Growing Process for New Creations

“But if I know that what I am doing is wrong, this shows that I agree that the law is good. So I am not the one doing wrong; it is sin living in me that does it.” – Romans 7.16-17 (NLT)

As new creations in Christ, we begin a process of growth. This process is described in Romans chapter 6: “But now that you have been set free from sin and have become slaves of God, the fruit you get leads to sanctification and its end, eternal life.”2 The process of sanctification is the growth journey of a believer. With a new nature, our desire is now holiness, yet there are still barriers that present themselves in this life. As Christians, we should all be continually convicted of sin in our lives. We should never feel like we have arrived at holiness. This is the process of sanctification. As a believer our life should look different now than it did five years ago and again five years from now. This is sanctification.

Are you in a process of continual repentance and growth? Are there things in your life that bug you that maybe didn’t bug you a year ago? Do you see things in your life that need to be worked through that maybe you didn’t notice a while back? This is sanctification. Peter, I believe, gives us a good picture at what the life of sanctification looks like:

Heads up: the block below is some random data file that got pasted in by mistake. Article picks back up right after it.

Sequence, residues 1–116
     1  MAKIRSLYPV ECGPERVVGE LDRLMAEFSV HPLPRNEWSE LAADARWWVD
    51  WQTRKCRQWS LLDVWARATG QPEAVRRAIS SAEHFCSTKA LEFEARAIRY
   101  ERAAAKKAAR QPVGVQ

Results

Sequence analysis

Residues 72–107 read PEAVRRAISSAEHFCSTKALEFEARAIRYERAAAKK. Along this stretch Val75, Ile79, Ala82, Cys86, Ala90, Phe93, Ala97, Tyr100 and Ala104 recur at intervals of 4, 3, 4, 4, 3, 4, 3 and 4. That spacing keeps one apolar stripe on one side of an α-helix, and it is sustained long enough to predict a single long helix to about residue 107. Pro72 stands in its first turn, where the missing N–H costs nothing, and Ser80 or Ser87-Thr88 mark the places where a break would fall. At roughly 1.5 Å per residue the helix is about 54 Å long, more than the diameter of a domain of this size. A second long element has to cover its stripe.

“His divine power has granted to us all things that pertain to life and godliness, through the knowledge of him who called us to his own glory and excellence, by which he has granted to us his precious and very great promises, so that through them you may become partakers of the divine nature, having escaped from the corruption that is in the world because of sinful desire. For this very reason, make every effort to supplement your faith with virtue, and virtue with knowledge, and knowledge with self-control, and self-control with steadfastness, and steadfastness with godliness, and godliness with brotherly affection, and brotherly affection with love. For if these qualities are yours and are increasing, they keep you from being ineffective or unfruitful in the knowledge of our Lord Jesus Christ.”3

Rather than being perfect upon receiving Christ, God takes us on this journey to continually make us like His son. I believe the reason is so that He will receive more glory and that we will draw deeper and deeper into worship of the One who is guiding us along in this process of sanctification. The life of a believer and the journey of sanctification can be difficult at times, and in those times we must trust Christ all the more. This is our last point.